I could comment on the technical aspects of structure and meter of this excerpt–I read it out loud and it was beautiful. You are such a great writer … Tweeting this now 🙂


    • Lovely thing to say. and thanks for the tweeting thing. I am trying to compile a list of cutting exits I’ve made for you, so you can add them to your collection, after your really great post on that theme


  7. Al says:

    You never disappoint, ducks. What a remarkable account of such a meaningful reminiscence. When I read your posts, I always feel like I’m getting chapters from a best-selling book for free.

    Here’s to Albert and all others like him!


  8. nelle says:

    Homage to someone who touched your life. I liked that you reflected on how he touched yours. We all should spend some time in rewind, looking at those who made a difference, because none of us ever gets here from there without some assistance.


  9. renxkyoko says:

    There are people like that. I really have not met one ( or have I ? ) but my mother has told us about an old street sweeper who continued to sweep the street long after he had retired. It’s a touching story , actually. I hope I can write about him, as told by my mother.


  10. backonmyown says:

    You make me wish I had known Albert. “…tease without attacking your confidence…” Now we know where you learned to do that. It’s a wonderful gift.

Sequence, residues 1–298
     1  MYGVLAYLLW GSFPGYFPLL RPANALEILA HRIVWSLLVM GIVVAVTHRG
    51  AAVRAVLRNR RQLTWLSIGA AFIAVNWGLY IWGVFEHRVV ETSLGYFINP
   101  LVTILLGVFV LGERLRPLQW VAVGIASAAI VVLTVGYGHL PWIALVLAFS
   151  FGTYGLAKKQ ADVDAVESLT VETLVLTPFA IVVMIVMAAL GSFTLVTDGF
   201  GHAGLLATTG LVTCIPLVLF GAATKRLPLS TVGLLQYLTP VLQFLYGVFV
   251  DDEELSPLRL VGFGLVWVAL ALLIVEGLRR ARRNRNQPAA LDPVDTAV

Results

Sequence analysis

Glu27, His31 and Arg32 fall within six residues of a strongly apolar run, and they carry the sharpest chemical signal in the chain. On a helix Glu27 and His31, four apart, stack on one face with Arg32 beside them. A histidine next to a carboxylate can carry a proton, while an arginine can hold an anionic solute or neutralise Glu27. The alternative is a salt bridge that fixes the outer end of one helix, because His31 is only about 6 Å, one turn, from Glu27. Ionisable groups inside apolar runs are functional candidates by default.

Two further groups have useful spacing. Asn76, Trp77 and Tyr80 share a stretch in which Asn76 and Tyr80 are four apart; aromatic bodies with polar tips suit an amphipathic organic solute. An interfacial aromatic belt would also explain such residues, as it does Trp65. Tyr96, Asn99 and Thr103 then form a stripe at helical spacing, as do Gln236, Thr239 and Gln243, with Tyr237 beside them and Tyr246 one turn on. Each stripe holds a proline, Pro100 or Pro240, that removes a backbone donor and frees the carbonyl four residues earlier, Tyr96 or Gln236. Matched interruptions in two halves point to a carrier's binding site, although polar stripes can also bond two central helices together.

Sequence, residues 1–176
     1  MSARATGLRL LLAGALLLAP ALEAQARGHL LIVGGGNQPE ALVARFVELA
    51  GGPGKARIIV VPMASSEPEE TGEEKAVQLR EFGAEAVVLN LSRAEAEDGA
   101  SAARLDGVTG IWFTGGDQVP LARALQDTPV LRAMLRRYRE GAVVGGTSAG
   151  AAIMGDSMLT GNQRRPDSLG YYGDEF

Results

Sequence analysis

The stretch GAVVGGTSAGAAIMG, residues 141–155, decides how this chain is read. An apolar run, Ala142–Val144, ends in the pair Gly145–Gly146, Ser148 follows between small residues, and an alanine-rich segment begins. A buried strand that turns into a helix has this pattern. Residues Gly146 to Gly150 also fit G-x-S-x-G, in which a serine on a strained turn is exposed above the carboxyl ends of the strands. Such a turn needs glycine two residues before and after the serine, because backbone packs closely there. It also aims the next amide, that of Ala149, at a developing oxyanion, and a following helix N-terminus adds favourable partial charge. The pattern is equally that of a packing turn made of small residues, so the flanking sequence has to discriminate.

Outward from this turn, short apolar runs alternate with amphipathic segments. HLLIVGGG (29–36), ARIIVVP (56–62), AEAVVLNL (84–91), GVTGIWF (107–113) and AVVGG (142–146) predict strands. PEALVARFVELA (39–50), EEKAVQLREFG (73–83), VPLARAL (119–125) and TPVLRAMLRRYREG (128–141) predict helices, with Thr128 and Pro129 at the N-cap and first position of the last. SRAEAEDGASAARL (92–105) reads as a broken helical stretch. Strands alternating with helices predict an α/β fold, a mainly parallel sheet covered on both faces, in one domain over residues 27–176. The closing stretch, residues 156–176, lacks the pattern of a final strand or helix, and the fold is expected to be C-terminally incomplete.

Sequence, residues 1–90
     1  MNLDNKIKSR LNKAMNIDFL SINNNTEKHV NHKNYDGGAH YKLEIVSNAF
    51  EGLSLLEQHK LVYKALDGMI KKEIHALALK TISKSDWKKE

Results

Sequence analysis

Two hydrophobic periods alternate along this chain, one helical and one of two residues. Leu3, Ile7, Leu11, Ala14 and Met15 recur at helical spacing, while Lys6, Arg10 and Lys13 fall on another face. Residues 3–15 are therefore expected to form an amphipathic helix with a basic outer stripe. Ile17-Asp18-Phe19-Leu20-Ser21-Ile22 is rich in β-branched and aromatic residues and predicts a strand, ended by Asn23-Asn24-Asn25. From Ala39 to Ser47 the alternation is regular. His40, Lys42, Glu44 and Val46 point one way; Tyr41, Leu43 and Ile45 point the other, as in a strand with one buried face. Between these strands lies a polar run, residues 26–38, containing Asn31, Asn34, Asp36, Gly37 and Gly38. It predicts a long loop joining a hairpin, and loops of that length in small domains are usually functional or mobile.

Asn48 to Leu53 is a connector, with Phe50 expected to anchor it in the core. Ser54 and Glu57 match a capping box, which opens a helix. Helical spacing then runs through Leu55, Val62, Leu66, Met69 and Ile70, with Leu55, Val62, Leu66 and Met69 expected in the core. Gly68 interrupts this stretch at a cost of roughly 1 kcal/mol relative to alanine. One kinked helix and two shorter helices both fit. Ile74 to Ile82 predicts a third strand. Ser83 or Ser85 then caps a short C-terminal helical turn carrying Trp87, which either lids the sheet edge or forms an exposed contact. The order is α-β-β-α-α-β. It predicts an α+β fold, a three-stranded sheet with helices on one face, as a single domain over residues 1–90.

I don’t know how you manage to turn a phrase like “much more bulk than mass.” I wish I could do that. You do it regularly. That’s why I so look forward to your posts.


    • Everytime you look in the mirror, you are looking at a women of great determination, compassion and ability. Being able to scribble a few phrases is nice but not the main gift a person can have. You have much to be proud of


  11. eof737 says:

    I like Albert… and maybe it’s an age thing but I’m tired of the bragging set too. 🙂


  12. Julie says:

    My favorite part of this post was when you wrote you still smiled thinking about him. That transmitted a smile on my part too. He sounds like a person to be admired. He is also quite worthy of your post, probably thankful too.



  13. There is so much strutting these days and such a relief when, like a soft steady breeze or splash of warming sunlight, someone just IS and we are the better for it. Yes, in so many ways, less is more. Another beautifully written, thought-provoking and soul-searching post!


Leave a Reply

Fill in your details below or click an icon to log in: Logo

You are commenting using your account. Log Out /  Change )

Twitter picture

You are commenting using your Twitter account. Log Out /  Change )

Facebook photo

You are commenting using your Facebook account. Log Out /  Change )

Connecting to %s

This site uses Akismet to reduce spam. Learn how your comment data is processed.